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State budget 2017: Suggested changes in personal taxation

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The suggested state budget for 2017 was presented today. In the following we present the suggested changes related personal taxation. In short, the suggested changes include reduced tax rates on net income, increase of bracket tax rates (levied on gross employment, self employment and pension income), a higher effective tax rate on share income, new rules for personal share investments, in addition to a few minor adjustments.

Rates and thresholds

  • The tax rate on net income is suggested reduced from 25 % to 24 %
  • The adjustment factor, applied to the tax base of dividends, distributions from partnerships, and capital gains from disposal of shares before applying the tax rate, is suggested increased from 1,15 to 1,24. This implies an increase in the effective tax rate for dividends etc. from 28,75 % to 29,76 %.
  • The bracket tax rate (levied on gross employment, self employment and pension income) is suggested increased as follows:
Threshold   Tax rate 2017   Tax rate 2016
Below 164 100   0   0
NOK 164 100 - 230 950   0,93 %    0,44 %
NOK 230 950 - 580 650   2,41 %    1,7 %
NOK 580 650 - 934 050   11,52 %    10,7 %
NOK 934 050 -     14,52 %   13,7 %
  • The result of the suggested changes in the tax rates implies slightly lower marginal tax rates, as follows:
    2017   2016
Salary   46,7 %   46,9 %
Pension   43,6 %   43,8 %
Self-employment income   49,9 %    50,1 %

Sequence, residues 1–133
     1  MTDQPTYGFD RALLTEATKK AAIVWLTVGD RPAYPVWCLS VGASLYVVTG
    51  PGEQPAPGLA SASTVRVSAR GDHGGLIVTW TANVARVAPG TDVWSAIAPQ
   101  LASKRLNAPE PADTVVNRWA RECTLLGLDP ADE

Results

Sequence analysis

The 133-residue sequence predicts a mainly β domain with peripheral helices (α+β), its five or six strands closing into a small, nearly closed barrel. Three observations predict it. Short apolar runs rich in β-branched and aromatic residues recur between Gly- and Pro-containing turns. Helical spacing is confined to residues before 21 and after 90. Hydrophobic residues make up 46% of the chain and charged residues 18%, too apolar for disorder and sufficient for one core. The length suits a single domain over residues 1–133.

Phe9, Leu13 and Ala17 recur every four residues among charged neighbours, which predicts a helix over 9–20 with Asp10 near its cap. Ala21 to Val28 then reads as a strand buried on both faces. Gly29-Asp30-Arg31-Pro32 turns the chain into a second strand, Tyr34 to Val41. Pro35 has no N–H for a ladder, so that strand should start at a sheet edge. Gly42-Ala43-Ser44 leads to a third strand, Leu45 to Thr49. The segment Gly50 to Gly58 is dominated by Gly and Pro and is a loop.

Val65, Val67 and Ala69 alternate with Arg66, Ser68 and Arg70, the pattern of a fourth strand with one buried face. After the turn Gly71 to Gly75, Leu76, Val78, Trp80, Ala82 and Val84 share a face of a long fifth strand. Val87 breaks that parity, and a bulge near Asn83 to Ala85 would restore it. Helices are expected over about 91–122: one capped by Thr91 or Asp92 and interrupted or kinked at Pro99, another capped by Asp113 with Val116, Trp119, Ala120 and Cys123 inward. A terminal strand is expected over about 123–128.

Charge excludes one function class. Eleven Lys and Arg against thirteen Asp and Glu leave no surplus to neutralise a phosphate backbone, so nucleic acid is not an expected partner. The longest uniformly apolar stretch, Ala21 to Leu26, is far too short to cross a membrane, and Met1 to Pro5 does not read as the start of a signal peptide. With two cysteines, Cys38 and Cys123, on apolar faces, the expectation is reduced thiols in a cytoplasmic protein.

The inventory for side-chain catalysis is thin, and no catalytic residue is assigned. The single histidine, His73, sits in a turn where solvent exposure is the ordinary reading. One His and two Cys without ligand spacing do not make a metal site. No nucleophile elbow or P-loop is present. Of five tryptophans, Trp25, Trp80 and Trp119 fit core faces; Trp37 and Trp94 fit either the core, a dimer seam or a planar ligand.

The suggested changes will if passed be in force from 1 January 2017.


  • It is suggested to increase the minimum deduction (minstefradrag) from 43 % to 44 %, with a maximum amount of NOK 94 750 for employment income and NOK 75 000 for pension income.
  • The personal allowance deduction (personfradrag) is suggested changed from NOK 51 750 in tax class 1 and NOK 76 250 in tax class 2 (2016) to NOK 53 150 in tax class 1 and NOK 78 300 in tax class 2 (2017)
  • The rates for deduction of travels to work is increased with NOK 0,06 per kilometer to:
      • NOK 1,56 per kilometer up to 50 000 kilometer travel distance, and
      • NOK 0,76 per kilometer up to 75 000 kilometer travel distance
      • The threshold of NOK 22 000 remain unchanged

The suggested changes will if passed be in force from 1 January 2017.

Wealth tax

  • The tax rate for wealth taxation is suggested unchanged at 0,85 % and the lower threshold for wealth taxation is suggested increased from NOK 1 400 000 to NOK 1 480 000 (from NOK 2 800 000 to NOK 2 960 000 for married couples).
  • It is suggested that the tax base for wealth tax on shares owned by personal shareholders and working capital should be set to 90 % of their fair market value for 2017 and 80 % of their fair market value for 2018.

The suggested changes will if passed be in force from 1 January 2017.

Share saving account